Sunday, September 10, 2000

Restaurant pickets: 'No truce'


Blacks protesters say they are out to make a point

By James Pilcher
The Cincinnati Enquirer

        Protest organizers said any perceived truce between downtown restaurant owners and the city's black community is non-existent, evidenced by their picketing of several establishments this weekend.

        “We weren't involved in those conversations that took place after the festival (Coors Light Festival and Ujima Cinci-Bration July 28-29), and we aren't satisfied,” said the Rev. Damon Lynch III, pastor of New Prospect Baptist Church and an organizer of the grass-roots group Black United Front.

        “There is no truce ... this is an ongoing dialogue,” he said. “We hope this makes everyone sit down and figure out how to do a better job of welcoming our guests from all races and economic backgrounds.”

        About 15-20 protesters wearing yellow T-shirts carrying signs and bullhorns paraded around Redfish Seafood Kitchen on Race Street during the lunch hour Saturday.

        Protesters also picketed Nicholson's on Walnut Street during the dinner rush Saturday, hoping to remind those downtown that some restaurants did not stay open dur ing the festivals, which were geared toward a black audience, on July 28-29.

        “We are extremely disappointed to be included in the picketing as we were open until 9 p.m. every night during the weekend in question,” said Redfish general manager John Gaines on Saturday.

        Mr. Gaines and the Rev. Mr. Lynch both characterized the protests as peaceful, with the Rev. Mr. Lynch saying demonstrators were “out to make a point and not disrupt business.”

        Jeff Ruby's Steakhouse and the Maisonette received similar treatment during dinner and lunch, respectively, on Friday.

        Jason Druso, manager at Jeff Ruby's, said about a doz en protesters used a bullhorn to shout into the building and to those entering the restaurant.

        “They were saying things that weren't true about our guests and our establishment, like we have roaches in our mashed potatoes or that we spit in our food,” Mr. Druso said. “I wouldn't call it peaceful.”

        Mr. Druso said that it was up to Mr. Ruby to make any change in policy for next year. Mr. Ruby was unavailable for comment.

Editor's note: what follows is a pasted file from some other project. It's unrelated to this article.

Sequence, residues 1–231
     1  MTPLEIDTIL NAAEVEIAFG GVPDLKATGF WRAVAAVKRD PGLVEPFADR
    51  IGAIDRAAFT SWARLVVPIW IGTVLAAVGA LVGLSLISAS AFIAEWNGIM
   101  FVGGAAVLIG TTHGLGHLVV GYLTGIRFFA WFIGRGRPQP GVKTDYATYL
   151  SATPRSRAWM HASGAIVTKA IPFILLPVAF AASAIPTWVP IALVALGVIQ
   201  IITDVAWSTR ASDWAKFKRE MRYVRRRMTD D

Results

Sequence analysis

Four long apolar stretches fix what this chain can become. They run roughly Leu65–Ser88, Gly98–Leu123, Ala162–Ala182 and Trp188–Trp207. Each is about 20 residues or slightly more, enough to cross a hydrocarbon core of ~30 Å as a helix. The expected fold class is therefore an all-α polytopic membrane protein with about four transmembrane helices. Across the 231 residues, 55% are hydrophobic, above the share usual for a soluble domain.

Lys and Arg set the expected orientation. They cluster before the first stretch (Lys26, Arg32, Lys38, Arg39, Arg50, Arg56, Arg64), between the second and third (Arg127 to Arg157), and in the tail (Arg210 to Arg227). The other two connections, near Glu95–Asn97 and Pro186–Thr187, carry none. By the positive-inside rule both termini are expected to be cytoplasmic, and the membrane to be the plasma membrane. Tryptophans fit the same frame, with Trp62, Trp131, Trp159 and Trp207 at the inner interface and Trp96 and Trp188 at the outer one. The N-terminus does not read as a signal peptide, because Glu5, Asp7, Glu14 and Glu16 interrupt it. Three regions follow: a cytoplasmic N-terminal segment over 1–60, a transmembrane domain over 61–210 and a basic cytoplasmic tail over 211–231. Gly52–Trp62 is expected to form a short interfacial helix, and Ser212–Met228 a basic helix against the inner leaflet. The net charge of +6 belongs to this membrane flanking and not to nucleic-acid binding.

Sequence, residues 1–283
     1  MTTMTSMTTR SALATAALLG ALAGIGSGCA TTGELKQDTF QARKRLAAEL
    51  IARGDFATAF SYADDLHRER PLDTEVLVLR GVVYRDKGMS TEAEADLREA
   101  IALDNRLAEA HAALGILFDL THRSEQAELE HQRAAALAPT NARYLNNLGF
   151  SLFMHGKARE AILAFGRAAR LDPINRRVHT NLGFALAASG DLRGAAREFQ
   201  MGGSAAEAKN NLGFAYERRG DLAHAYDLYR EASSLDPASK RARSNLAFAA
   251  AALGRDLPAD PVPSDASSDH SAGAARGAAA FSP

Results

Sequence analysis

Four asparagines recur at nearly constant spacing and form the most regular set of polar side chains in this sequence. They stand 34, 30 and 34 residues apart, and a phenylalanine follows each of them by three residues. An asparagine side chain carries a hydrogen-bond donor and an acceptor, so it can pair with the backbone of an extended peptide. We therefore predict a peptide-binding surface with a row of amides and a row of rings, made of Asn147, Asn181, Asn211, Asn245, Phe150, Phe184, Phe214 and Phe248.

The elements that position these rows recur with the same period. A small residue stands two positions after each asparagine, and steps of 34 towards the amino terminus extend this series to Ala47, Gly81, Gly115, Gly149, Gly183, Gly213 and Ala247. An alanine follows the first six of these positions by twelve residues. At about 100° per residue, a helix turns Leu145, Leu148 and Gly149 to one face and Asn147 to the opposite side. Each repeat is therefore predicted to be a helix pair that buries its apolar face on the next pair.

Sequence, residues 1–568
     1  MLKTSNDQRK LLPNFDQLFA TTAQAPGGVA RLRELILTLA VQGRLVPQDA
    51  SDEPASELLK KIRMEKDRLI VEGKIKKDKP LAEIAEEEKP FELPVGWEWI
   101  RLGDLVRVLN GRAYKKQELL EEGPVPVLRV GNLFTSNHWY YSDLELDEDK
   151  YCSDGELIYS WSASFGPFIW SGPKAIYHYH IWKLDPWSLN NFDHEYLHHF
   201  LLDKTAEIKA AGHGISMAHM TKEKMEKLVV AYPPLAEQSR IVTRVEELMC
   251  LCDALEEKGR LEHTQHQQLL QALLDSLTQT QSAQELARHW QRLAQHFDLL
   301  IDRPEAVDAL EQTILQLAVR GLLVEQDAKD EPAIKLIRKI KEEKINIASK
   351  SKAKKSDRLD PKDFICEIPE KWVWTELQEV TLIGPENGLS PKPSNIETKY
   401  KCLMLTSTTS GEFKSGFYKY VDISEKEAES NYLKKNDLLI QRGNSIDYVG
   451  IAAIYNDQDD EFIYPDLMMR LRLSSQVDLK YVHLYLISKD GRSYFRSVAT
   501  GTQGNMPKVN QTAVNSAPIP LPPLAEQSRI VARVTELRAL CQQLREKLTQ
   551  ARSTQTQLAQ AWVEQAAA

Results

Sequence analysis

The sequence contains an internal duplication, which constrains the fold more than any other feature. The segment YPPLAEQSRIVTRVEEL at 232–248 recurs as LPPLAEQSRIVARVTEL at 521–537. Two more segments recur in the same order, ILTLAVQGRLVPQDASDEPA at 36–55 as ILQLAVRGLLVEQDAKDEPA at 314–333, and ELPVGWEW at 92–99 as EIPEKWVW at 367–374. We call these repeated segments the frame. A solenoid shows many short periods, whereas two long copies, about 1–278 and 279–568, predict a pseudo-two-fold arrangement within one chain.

The Rev. Mr. Lynch said organizers also were handing out flyers Saturday at Cinergy Field to tell those in town for the River Front Classic and Jamboree black college football game which restaurants stayed open during Ujima.

       



Clouded cases
Criticized cases
Death penalty process remains slow and unsteady
Banks tax battle over
Online poll: Bush is likable
Talking about religion finds support
3 killed, 4 hurt in trio of crashes
Program may trim paperwork
PULFER: United Way
- Restaurant pickets: 'No truce'
SAMPLES: She can't wait to fight
Art review
At 80, Brubeck takes poignant journey 'Alone'
Brain injury survivors find support
'Cats' pause
Dance notes: Ballet welcomes new members
DEMALINE: The Arts
Hiking for a cause
Road to fall is paved with summer's good intentions
Crowds soak up fun at Jamboree
Farmers need more help to harvest tobacco crop
Fests show off two cultures
Few fired up about stop-smoking classes
Filling offices can be tough
Ky. burley pitched to Chinese
Lebanon's national university
Man, 50, drowns at party for children
Opponent: Prosecutor is stalling
Organ donor registry sought
KIESEWETTER: Prime-time Emmys a tale of two shows
Students to redo historic house
Team teaching debuts at schools
The fun flows at river event
Theater review
Too hard? Too easy? Just right?
WILKINSON: Politics
BRONSON: Police
CROWLEY: Politics
Get to it
Kentucky News Briefs
Pig Parade: O'Pen ... The Pig Idea
Tristate A.M. Report